Options Trading: Finding your Pace and Rhythm with FAST Moves
How do you handle it when you find yourself on the wrong side of the market? How do you deal with plunges and unexplained rises that put your positions at risk? Do you find yourself making grave errors and mistakes due to some blip or abnormal market beat? As an options trader, I know these are difficult predicaments. We try as best we can to keep the emotions out of our decision process yet we are all human, and when money is on the line there is just no escaping the fear and greed. So, with that in mind, let's figure out some ways we can bypass some of the bad outcomes that result from fright and fear.
Markets move with tremendous speed and quickness. Trying to find our 'happy place' in trading is akin to entering a freeway with traffic blistering by at breakneck speed. Further, the change in direction is quite sudden, we need quick reflexes, agility and good eyesight or we'll be trampled. This past week saw some of that speed as the markets nosedived on Thursday and Friday. A change in character? Just a correction, nothing to be seriously worried about? As always, we'll have to see how things develop but certainly there was some damage done Friday.
After Thursday's loss and hold of support the market 'seemed' to want to go higher on Friday. That would not be the case after some surprising news hit over debt troubles in emerging market countries. The timing of this latest news is quite interesting after the US just finished a remarkable year in 2013, but the troubles had already been known. The futures reversed sharply overnight as 'risk off' mode was evident. The market drop was fast and swift all day long, trampling bulls in its wake. With potential negative news over the weekend, who wants to hold anything long? That's a change in behavior - but it might only be temporary.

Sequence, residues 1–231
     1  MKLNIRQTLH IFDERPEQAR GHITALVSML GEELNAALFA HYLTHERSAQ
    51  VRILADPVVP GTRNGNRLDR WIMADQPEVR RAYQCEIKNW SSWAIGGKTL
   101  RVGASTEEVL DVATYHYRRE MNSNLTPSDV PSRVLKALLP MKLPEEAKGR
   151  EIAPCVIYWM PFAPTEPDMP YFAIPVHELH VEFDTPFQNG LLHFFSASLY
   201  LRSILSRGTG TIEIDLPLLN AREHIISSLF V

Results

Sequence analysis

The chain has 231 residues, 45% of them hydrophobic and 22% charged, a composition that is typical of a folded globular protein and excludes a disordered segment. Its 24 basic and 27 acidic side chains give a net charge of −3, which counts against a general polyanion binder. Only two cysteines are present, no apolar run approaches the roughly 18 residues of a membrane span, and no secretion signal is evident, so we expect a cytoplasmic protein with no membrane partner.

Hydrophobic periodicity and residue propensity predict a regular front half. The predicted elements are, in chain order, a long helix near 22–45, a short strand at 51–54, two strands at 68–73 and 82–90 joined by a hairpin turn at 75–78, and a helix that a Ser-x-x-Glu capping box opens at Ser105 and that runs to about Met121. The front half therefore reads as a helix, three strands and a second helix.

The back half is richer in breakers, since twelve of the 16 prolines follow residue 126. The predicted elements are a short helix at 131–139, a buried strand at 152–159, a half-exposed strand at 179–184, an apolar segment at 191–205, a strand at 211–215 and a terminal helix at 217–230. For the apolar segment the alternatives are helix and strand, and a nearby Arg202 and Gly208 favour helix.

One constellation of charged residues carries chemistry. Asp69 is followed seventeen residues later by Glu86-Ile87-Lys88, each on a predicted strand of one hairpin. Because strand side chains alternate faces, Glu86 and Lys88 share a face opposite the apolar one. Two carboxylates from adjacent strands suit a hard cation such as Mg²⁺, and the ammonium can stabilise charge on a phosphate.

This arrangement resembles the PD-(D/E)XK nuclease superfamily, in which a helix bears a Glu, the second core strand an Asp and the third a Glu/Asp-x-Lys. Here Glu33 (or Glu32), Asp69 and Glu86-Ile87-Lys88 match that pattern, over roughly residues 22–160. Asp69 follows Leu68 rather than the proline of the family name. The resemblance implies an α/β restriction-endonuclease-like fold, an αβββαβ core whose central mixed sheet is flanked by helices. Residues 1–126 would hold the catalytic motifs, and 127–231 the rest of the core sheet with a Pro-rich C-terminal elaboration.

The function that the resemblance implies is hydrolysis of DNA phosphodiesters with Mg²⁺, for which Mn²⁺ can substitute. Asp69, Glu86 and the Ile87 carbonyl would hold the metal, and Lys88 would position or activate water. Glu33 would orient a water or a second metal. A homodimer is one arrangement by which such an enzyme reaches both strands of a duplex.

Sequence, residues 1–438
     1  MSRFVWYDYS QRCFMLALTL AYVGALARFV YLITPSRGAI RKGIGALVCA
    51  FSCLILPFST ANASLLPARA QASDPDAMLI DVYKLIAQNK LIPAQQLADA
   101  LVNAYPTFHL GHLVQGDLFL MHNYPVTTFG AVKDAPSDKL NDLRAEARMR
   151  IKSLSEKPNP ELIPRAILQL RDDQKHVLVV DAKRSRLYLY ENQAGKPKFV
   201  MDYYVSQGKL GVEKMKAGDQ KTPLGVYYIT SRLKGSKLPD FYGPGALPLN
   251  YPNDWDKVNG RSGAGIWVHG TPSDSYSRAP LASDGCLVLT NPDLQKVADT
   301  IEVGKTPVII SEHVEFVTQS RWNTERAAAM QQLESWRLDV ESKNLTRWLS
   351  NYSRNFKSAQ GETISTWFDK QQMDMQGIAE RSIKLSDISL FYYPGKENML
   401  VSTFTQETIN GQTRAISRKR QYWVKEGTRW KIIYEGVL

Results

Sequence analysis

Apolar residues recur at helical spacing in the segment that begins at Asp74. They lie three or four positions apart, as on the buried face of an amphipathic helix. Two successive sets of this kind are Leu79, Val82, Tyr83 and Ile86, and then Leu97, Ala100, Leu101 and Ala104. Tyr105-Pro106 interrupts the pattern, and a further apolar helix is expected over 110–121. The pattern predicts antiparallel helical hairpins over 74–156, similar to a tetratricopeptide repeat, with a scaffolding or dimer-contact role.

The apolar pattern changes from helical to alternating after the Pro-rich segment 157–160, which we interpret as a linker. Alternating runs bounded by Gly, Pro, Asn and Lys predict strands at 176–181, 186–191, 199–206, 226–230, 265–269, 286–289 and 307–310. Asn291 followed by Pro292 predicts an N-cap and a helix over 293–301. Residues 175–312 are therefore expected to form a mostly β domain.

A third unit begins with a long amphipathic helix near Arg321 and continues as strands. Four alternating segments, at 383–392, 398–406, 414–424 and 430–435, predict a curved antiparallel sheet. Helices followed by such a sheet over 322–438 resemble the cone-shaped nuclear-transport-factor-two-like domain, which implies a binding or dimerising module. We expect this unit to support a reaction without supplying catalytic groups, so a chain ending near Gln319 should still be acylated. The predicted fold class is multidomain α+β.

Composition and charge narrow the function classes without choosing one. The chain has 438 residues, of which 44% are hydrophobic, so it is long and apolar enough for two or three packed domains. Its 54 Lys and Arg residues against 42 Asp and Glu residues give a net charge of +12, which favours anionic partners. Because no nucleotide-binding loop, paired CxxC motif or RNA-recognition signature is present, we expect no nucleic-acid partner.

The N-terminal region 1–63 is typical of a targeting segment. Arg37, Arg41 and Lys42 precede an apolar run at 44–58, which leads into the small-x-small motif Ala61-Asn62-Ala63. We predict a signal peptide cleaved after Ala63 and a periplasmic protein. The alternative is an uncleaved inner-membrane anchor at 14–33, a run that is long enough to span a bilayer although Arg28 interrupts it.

How did I react during the selloff? Was I trying to catch downside trades? Pick up cheap stuff? As a trend trader, that's not my style. Was there a short term trend? Most definitely, but bearish trades for the most part have been akin to picking up nickels in front of a steamroller. Shaken but not stirred would be my answer (as I had long call and short put spreads working). It's understood that this market has not had a big correction for a long while, and I really could not tell you if this is the start of something bigger. The charts/technicals are my guide and this looks to be another buying chance (much like the 4-5 we had prior). When you're on the wrong side of the market results it's not easy, but allow yourself time to figure out rhythm and speed and move at your own pace.
The following article is from one of our external contributors. It does not represent the opinion of Benzinga and has not been edited.